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Friday, 26 October 2012

The scandal of the missing children: care home runaways are not tracked

When a 15-year-old schoolgirl ran away with her teacher it sparked a Europe-wide manhunt.  Yet an estimated 10,000 children go missing from care homes in the UK every year; and - this is the real scandal - no-one really knows what happens to these children.

Councils who run care homes don't collect statistics, nor does the government, so we don't actually know how bad the problem is.  These were the stark findings of a report by MPs last summer.

Bubbling under the surface in web forums often frequented by what many would dismiss as conspiracy theorists are some shocking but unsubstantiated allegations relating to systematic abuse of children in care.

Allegations bordering on surreal often focus on an elite paedophile network linked to the establishment, and a question by respected MP Tom Watson in Parliament on Wednesday about a "powerful paedophile network linked to Parliament and No 10" raised a small possibility that some of these theories may be based on fact.

Whether or not abuse is linked to powerful individuals shouldn't in fact matter.  More pressing is the fact that children are being abused in care, as the recent Rochdale "grooming" case and historical scandals like the massive North Wales homes scandal uncovered in the 1990s goes to show.

The lack of data on missing children is crucial to monitoring this problem.  The most horrific (unsubstantiated) allegations mooted online involve the abuse and ultimate murder of children in care.

Note: as I mentioned in a previous post on secrecy and speculation, I can't actually link to source material because many of these websites make unsubstantiated and potentially libellous allegations about living people.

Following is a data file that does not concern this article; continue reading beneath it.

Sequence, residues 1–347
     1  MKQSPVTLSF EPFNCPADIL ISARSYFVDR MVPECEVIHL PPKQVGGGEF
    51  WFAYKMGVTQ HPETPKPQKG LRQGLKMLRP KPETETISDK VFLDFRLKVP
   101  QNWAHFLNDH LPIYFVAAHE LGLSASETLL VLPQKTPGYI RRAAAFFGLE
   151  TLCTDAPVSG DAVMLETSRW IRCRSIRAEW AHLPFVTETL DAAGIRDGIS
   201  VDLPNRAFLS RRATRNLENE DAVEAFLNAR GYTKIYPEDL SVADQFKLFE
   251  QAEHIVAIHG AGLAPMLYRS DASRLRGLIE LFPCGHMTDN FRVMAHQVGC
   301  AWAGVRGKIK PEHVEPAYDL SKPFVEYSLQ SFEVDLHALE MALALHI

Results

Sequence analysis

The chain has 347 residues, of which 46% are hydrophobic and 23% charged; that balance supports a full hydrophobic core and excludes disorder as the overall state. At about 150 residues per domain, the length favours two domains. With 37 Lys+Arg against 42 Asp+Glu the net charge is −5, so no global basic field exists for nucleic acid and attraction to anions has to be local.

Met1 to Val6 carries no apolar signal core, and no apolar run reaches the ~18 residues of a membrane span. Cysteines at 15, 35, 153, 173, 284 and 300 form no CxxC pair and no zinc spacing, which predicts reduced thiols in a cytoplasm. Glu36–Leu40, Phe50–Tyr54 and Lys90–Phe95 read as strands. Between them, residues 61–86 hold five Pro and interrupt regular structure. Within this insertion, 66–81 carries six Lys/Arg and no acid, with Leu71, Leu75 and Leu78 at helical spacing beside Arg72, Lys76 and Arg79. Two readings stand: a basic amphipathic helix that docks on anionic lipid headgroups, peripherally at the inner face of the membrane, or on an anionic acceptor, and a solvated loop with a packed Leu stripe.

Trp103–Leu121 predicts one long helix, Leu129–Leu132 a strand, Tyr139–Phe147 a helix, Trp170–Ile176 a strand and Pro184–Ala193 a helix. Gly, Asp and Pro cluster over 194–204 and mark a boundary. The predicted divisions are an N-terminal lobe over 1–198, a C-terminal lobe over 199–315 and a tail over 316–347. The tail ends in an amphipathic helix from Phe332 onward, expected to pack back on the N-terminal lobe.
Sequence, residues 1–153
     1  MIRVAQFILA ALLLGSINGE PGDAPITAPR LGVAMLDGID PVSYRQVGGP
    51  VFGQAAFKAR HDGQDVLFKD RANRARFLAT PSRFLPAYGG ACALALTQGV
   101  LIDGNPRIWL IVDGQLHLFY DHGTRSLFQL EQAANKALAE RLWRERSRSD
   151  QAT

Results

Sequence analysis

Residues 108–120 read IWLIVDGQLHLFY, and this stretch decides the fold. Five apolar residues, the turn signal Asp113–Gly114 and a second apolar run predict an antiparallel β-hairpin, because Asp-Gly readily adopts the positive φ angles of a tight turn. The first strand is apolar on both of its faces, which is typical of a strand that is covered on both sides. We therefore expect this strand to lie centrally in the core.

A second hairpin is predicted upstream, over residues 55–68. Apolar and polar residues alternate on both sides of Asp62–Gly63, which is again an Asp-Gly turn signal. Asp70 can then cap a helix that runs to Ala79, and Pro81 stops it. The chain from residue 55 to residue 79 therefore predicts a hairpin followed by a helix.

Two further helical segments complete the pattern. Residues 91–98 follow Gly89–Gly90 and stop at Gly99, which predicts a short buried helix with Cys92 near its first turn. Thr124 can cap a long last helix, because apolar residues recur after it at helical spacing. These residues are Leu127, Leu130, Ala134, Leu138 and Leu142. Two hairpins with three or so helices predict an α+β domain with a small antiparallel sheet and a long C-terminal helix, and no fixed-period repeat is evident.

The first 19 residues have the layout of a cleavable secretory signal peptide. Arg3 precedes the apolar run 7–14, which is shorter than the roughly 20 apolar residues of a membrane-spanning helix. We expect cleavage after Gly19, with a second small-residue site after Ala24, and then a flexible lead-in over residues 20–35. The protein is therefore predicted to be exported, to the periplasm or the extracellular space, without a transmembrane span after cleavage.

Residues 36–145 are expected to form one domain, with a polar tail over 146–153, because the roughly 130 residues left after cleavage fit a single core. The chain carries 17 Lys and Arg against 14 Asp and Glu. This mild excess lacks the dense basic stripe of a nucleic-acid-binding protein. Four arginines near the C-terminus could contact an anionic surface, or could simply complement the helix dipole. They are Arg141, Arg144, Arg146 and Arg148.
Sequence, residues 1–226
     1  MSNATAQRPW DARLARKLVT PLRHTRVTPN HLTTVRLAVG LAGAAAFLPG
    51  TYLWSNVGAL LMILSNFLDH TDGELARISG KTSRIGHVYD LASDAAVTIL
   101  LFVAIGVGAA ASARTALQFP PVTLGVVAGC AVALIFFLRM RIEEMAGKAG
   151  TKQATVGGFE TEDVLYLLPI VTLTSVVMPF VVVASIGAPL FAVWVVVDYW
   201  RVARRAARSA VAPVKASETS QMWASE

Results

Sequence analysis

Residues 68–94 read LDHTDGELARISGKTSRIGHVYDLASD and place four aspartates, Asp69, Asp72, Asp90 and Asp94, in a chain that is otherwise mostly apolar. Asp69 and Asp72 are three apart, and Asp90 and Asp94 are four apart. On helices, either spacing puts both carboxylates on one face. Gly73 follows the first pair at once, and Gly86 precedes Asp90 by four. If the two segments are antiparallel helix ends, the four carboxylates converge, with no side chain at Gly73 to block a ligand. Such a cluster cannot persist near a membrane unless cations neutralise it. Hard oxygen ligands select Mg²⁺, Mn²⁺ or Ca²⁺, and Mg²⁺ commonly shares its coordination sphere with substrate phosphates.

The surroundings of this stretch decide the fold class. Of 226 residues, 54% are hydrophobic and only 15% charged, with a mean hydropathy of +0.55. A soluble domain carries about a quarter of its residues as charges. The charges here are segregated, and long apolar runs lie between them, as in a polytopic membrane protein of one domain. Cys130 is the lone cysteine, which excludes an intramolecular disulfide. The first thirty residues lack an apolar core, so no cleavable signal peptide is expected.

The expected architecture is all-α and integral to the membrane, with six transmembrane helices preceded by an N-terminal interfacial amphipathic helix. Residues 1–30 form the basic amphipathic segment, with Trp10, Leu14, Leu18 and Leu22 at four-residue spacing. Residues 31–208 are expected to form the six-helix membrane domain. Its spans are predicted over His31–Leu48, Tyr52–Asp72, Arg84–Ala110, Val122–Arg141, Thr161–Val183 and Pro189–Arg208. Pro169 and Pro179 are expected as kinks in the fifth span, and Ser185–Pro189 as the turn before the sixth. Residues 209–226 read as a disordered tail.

These at first implausible-sounding allegations become a little more believable when you factor in three utterly bleak and depressing facts about life in care:
  1. Children are often placed in care miles away from their home towns (sometimes for valid reasons). [Source: BBC].  Children with no friends in a strange town are even less likely to be missed.
  2. Poor data sharing is leading to "data gaps" meaning there's little if any national oversight of children who go missing from care. [Source: parliamentary report].
  3. Local authorities and institutional carers are corporate bodies where parental responsibility is distributed over many people working for these organisations.
Because of the above it's entirely plausible that a child in care could fall into the hands of abusers and be murdered; and no-one would be aware a crime had even been committed until a body or other physical evidence, or confession from one of the abusers, emerged. 

I set out to use government statistics to disprove some of the wilder conspiracy theories relating to the abuse and disappearance of children in care, but have ended up more shocked by the lack of oversight of the care system itself.

It beggars belief that a nation which tracks data from employment levels to the slaughter of pigs, cattle and sheep; and is soon to track the sending and receiving of every email and other electronic message - partly in the name of child protection - fails to track children actually in its care.

This post is part of my ongoing fascination with online rumour and speculation


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